A for-profit future?

As traditional fund sourcing models change, not-for-profit organisations may look at changing legal structures to raise income and capital needed to survive.

By Natasha Egan

Not-for-profit organisations need to identify new sources of income to survive into the new financial paradigm and that might mean changing to a for-profit legal structure, says a legal expert. 

It is an option that retirement home developer Masonic Homes is already actively considering in its quest to raise capital.

As charities need to reduce their reliance on government funding coupled with a review of tax concessions, which could result in a loss of tax endorsements, the option warrants discussion, said Joanne O’Brien, partner, Carne Reidy Herd Lawyers

“Organisations need to start thinking about more creative ways to identify sources of funding to achieve their purposes,” she said.

“If they want particularly large scale fundraising, they might need to change their legal structure to do that.”

Commercial viability hasn’t always been as high a priority for not-for-profits (NFP) as it is now, Ms O’Brien said.

“All of the indicators are that to be successful in delivering on your social objectives, you must be commercially viable,” she said.

 “While you shouldn’t get into something that doesn’t fit into your philosophy, the focus should be on being a viable business.”

In the case of Masonic Homes, CEO Doug Strain (pictured) said they were actively considering the move to a for-profit entity, possibly a company limited by shares.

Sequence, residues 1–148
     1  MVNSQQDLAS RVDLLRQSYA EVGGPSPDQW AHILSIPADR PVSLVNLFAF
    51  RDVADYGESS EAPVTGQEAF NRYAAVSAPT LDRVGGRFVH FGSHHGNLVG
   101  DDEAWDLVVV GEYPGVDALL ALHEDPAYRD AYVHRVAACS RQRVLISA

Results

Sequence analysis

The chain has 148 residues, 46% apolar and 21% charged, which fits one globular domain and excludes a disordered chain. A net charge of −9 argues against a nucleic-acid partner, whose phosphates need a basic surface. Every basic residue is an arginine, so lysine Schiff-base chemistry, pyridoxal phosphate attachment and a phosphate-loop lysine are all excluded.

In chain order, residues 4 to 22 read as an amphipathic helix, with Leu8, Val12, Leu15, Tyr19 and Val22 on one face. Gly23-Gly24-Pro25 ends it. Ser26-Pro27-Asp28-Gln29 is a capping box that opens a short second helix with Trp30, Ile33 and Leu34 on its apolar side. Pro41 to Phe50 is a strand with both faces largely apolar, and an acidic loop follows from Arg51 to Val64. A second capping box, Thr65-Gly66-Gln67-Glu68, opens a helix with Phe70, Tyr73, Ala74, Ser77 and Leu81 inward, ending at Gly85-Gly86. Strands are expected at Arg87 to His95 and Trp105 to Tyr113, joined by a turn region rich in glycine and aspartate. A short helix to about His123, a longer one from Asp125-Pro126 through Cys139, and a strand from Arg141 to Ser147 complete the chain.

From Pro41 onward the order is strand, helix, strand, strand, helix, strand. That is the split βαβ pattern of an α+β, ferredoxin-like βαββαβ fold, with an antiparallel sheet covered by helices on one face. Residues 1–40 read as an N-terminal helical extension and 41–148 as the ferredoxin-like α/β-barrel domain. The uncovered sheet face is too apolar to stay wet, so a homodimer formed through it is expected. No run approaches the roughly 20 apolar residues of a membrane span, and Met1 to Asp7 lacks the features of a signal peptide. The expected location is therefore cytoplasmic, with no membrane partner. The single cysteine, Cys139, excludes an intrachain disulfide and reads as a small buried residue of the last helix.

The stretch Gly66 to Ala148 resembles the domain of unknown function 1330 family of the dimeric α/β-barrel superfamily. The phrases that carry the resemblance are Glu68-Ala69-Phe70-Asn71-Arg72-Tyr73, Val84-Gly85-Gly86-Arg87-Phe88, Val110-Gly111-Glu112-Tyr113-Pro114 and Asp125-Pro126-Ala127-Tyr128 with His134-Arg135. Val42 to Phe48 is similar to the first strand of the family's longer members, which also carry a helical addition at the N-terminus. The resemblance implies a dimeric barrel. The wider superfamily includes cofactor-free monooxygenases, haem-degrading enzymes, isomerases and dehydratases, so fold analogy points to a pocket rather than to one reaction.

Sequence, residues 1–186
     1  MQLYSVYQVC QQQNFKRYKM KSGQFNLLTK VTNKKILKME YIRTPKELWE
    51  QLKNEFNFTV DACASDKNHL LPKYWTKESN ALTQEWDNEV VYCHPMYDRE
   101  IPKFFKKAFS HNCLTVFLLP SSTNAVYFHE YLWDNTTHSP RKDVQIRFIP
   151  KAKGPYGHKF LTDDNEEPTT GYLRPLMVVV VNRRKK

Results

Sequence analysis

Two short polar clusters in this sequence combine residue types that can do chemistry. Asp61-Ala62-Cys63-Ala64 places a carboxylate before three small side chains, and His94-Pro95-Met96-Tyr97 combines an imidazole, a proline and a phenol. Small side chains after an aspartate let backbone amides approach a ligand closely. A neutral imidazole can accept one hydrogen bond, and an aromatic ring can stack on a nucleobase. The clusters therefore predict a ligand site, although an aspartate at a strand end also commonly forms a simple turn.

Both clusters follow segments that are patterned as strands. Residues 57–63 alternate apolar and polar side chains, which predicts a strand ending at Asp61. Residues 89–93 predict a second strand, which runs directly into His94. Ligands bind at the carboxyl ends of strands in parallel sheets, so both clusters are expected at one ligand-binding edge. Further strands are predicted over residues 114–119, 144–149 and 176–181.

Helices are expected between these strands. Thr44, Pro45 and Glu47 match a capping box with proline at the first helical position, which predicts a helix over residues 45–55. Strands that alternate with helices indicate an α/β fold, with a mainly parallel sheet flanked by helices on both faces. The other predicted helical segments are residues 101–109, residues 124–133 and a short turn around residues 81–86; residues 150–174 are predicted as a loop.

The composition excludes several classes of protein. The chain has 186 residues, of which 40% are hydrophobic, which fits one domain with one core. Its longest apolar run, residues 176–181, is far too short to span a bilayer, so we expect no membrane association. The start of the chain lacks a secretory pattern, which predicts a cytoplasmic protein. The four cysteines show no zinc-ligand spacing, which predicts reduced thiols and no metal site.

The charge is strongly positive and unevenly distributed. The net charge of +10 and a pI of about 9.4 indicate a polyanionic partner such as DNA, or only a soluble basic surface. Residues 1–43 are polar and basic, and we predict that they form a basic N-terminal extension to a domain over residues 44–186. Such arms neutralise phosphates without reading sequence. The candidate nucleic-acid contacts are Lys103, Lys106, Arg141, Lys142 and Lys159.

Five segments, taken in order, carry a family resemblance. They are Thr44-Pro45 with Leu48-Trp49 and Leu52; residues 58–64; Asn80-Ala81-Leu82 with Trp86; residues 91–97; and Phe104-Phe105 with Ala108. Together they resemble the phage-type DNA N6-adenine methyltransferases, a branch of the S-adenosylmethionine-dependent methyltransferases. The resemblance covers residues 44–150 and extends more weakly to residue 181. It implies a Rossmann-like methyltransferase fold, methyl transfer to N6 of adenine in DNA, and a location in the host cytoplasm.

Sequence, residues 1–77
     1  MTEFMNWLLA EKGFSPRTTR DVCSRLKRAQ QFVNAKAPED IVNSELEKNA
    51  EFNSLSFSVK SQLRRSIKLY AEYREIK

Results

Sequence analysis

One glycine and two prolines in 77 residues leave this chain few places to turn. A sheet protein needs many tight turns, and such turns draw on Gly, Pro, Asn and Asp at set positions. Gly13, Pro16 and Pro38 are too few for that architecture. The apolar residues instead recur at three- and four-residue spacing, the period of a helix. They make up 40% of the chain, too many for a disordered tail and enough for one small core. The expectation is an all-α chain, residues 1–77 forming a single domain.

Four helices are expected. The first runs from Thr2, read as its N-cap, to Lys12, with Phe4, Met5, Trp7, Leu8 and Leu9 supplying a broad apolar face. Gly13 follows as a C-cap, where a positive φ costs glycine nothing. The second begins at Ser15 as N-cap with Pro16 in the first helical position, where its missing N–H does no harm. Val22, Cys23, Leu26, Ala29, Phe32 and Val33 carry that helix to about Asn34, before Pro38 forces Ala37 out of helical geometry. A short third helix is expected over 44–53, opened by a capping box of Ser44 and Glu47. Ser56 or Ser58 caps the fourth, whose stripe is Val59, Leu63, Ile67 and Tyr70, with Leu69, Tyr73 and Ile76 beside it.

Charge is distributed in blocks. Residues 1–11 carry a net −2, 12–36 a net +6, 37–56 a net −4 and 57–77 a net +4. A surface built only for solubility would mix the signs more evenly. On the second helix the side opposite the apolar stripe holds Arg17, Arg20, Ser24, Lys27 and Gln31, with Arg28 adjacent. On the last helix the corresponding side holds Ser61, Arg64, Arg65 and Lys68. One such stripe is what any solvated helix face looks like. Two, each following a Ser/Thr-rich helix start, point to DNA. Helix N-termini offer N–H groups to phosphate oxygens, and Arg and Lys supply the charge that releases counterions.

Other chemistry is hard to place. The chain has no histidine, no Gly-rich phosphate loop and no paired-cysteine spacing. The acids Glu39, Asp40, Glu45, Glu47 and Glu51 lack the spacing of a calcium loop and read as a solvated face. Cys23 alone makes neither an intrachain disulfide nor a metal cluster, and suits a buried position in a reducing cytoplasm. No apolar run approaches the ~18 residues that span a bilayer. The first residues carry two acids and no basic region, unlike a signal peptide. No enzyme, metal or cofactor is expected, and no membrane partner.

“We expect in May or June to make a decision to do it or not to do it,” he said.

Rather than a change in business model, Mr Strain said it was a change in tax assessment. 

The discussion is part of the organisation’s 10-year strategy that takes into account where the sector is headed.

“The reality is that government can not afford to maintain support of the aged demographic as it has done in the past. And the community has to come to the realisation that there has been a fundamental shift in the wealth of our nation,” he said.

Masonic Homes is now focusing on retirement homes for people aged 75 and over who are looking at alternatives to nursing homes, following selling its care business to ECH Group last year. 

The developer would like to expand its current two-state operations further around the country but Mr Strain said raising capital was a big problem because of its not-for-profit status.

The possible change of structure has been drawing positive feedback from members.

“People are understanding of it. People are saying it makes sense. Whether we’re for-profit or not-for-profit, it’s just a tax assessment,” Mr Strain said.

“It’s a back of house issue and people really care about our front of house,” he said.

Ms O’Brien said that Masonic Homes entertaining the move was the first case she had heard of in Australia.

“It’s an interesting development when you consider that most not-for-profits need to find alternative sources of income and/or capital,” she said.

“More and more organisations will look to broaden their horizons in terms of social enterprise, and this kind of thinking may become more prevalent.”

Tags: carne-reidy-herd, doug-strain, for-profit, joanne-obrien, masonic-homes, not-for-profit,

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